Cannabis Is Medicine . . . Test It like Medicine

Published on: 
Cannabis Science and Technology, July/August 2019 , Volume 2, Issue 4

Columns | <b>Cannabis Analysis</b>

What changes need to be adopted in our industry to make the transition to the pharmaceutical industry testing paradigm?

The purpose of this column is to make the case that cannabis is medicine, and thus the testing paradigm in use by the pharmaceutical industry needs to be adopted by the cannabis industry. I will introduce the pharmaceutical industry testing paradigm, contrast it with how things are currently done in the cannabis industry, and discuss the changes that need to be adopted in our industry to make the transition to what I believe is the correct testing paradigm.

There, I finally said it in the title of a column, “Cannabis is Medicine . . . Test it Like Medicine.” As I have stated in a previous column (1), I seriously considered making this the name of my column. I ultimately chose “Cannabis Analysis” because it is a broader topic, and I like that the words in the title rhyme.

As stated above, the purpose of this column is to make the case that cannabis is medicine, thus the testing paradigm in use by the pharmaceutical industry needs to be adopted by the cannabis industry. Here, I will introduce the pharmaceutical industry testing paradigm, contrast it with how things are currently done in the cannabis industry, and discuss the changes that need to be adopted in our industry to make the transition to what I believe is the correct testing paradigm.

The Pharmaceutical Industry Testing Paradigm

The pharmaceutical industry in the United States is regulated by the U.S. Food and Drug Administration (FDA). All prescription drugs must undergo rigorous chemical testing and clinical trials before being approved for use in humans. The FDA’s mission can be summarized in the phrase that all medicines need to be “safe and effective.” To achieve this, drug companies perform what I call “cradle-to-grave” testing. That is, they test every raw material that goes into a medicine, they test after each manufacturing step, and they test the final product before it goes out the door.

Figure 1 gives an idea of how this works. (See upper right for Figure 1, click to enlarge.) Imagine you work at a factory that makes aspirin tablets. All the ingredients for the tablets, including the active pharmaceutical ingredient (API), acetylsalicylic acid, and the excipients come in at the loading dock in barrels. To follow the pharmaceutical testing paradigm, representative samples of each material are collected (more on representative sampling here [2,3]) and then checked for identity and purity.

Assuming all the raw materials pass muster, they must next be mixed together in a blender as seen in Figure 1.

The material in the blender must be sampled and tested over time to see how well mixed it is. The blending must continue until the material is thoroughly mixed. The mixed material is then pressed into a tablet with a tableting press. The tablets must be sampled and tested to see if the right amount of API and excipients are present in the tablets. Lastly, representative samples of final tablet product are tested before a batch of aspirin bottles can go out the door. All tests are performed according to a standard operating procedure (SOP). No material can proceed onto the next step unless it meets a predetermined set of stringent criteria.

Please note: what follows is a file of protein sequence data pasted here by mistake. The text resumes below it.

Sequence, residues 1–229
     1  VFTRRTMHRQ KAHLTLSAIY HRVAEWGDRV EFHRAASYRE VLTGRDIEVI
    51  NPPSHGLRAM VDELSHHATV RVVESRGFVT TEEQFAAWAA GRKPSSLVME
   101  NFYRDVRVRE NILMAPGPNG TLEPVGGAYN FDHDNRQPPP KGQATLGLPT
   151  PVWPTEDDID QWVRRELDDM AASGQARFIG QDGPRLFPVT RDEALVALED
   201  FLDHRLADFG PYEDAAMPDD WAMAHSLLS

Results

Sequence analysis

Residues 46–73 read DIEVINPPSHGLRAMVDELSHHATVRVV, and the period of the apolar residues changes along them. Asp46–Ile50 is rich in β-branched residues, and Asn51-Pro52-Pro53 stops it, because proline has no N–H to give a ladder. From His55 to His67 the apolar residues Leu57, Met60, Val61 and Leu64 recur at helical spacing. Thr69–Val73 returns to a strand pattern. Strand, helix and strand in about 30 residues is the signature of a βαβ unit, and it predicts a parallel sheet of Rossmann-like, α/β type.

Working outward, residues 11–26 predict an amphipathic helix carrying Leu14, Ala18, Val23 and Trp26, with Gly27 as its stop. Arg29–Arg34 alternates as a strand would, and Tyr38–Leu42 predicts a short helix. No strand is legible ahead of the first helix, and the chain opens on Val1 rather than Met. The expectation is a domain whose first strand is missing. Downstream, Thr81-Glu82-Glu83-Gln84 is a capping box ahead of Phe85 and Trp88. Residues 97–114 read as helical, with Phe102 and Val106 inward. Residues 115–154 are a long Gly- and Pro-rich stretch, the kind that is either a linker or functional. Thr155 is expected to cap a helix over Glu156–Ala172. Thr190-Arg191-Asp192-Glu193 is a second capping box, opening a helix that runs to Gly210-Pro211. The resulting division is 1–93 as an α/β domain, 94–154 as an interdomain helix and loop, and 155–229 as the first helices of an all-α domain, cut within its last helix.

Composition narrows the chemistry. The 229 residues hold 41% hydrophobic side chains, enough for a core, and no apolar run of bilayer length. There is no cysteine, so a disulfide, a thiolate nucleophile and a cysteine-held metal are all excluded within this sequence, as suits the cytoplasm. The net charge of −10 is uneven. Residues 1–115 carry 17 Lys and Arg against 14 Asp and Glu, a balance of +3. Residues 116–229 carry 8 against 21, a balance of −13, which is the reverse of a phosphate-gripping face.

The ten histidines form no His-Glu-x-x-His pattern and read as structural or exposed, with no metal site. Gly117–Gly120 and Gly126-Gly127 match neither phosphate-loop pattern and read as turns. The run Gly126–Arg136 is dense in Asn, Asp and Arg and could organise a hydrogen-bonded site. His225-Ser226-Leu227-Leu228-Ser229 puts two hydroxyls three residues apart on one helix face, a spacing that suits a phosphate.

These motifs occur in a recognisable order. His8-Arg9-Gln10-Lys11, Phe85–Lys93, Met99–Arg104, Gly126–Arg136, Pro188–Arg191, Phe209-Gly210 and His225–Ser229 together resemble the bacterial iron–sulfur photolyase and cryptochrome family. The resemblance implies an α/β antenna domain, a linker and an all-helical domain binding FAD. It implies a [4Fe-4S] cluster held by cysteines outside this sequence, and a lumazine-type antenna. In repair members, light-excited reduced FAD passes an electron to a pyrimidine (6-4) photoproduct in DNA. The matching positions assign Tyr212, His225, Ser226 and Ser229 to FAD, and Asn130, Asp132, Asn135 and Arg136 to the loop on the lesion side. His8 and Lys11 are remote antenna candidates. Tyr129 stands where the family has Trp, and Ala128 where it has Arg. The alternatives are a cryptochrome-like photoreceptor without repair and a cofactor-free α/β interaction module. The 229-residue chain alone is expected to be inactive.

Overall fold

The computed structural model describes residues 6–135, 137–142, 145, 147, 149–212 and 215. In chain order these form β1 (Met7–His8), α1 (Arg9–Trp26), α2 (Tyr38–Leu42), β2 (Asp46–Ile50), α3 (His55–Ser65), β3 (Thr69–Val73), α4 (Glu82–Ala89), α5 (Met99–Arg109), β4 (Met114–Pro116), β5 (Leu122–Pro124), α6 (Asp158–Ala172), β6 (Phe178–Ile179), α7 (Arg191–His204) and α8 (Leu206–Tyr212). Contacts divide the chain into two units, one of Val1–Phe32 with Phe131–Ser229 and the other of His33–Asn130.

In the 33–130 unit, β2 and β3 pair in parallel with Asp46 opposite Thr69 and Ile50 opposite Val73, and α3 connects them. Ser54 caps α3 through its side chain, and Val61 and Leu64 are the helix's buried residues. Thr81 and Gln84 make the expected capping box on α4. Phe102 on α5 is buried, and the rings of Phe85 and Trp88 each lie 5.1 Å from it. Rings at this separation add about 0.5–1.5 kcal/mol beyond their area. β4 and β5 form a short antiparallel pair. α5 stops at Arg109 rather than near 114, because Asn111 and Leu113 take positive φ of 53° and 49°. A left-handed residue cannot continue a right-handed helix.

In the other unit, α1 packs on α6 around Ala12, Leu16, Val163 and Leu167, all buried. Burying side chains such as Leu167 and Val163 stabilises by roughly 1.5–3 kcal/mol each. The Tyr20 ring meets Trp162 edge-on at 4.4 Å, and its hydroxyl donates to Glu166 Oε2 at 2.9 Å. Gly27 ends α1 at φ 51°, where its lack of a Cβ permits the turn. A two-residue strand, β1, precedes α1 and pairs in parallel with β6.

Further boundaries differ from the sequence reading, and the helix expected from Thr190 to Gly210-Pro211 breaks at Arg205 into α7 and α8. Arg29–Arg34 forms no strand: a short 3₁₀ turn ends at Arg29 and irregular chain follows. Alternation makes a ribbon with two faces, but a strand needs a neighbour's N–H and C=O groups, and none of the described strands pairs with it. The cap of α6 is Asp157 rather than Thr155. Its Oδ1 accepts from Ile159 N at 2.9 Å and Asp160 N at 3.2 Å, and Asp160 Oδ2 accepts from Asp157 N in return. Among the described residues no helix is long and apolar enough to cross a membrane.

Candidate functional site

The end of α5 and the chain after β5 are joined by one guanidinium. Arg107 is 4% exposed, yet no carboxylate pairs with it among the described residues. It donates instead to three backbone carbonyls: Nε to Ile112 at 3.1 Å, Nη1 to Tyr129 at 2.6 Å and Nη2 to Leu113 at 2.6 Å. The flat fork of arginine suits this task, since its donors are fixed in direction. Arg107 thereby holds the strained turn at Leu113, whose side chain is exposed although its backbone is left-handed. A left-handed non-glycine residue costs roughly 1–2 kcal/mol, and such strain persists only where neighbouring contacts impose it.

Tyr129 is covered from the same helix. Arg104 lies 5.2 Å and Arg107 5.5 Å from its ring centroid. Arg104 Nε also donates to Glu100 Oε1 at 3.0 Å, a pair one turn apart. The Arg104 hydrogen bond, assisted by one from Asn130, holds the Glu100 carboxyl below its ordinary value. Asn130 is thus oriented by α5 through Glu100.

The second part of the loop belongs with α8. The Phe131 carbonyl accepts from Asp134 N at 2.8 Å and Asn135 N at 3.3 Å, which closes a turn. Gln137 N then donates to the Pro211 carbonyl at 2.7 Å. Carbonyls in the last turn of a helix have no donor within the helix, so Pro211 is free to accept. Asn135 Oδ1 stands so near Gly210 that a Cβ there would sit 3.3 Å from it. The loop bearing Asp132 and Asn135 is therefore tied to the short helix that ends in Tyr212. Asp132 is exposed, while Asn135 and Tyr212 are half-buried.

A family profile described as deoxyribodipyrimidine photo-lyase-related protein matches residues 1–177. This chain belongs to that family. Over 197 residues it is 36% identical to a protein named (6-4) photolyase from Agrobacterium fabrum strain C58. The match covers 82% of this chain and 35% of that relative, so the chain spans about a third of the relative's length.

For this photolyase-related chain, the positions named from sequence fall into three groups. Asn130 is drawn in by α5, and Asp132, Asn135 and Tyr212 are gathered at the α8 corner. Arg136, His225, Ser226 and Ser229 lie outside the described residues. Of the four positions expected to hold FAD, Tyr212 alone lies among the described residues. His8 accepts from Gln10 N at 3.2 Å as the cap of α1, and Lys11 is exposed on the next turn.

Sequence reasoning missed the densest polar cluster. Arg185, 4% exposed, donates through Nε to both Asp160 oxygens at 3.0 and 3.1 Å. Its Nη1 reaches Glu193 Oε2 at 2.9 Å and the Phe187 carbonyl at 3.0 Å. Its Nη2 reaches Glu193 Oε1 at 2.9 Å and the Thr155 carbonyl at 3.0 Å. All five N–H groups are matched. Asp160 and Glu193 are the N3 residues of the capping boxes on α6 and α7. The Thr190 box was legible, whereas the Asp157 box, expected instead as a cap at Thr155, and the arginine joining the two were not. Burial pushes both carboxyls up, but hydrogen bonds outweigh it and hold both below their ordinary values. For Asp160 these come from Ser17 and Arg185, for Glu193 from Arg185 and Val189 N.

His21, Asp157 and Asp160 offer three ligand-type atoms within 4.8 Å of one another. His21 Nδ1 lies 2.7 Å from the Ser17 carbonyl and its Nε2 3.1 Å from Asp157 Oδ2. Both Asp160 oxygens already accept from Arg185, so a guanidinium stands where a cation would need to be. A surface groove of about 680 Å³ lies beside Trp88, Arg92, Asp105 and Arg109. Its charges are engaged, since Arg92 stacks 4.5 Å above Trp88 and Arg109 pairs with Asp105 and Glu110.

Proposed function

This level of testing is required by FDA regulations. However, it also makes good economic sense to perform cradle-to-grave testing. By testing each material before and after each manufacturing step, the manufacturing process can be controlled so that product can be made safely and reproducibly. Testing data can also be used to optimize manufacturing steps by maximizing output while minimizing costs. Lastly, by making safe and effective medicines the potential for causing damage to your customers with concomitant bad publicity, loss of business, and lawsuits will be avoided. Given these facts, a strict cradle-to-grave testing regimen makes sense even in the absence of federal regulations. Please note that all this testing is done in-house by the pharmaceutical company.

Cannabis is Medicine...


The FDA has finally acknowledged that the cannabinoid cannabidiol (CBD) has medicinal uses. Specifically, it is recommended to treat some types of epilepsy (4). Subsequently, CBD now appears to be everywhere. All manner of CBD concoctions are now available on the internet. Retail drug store chains are selling it nationwide (5), and there is even a hamburger chain adding CBD to their burgers (6).

Are We Testing Cannabis like Medicine?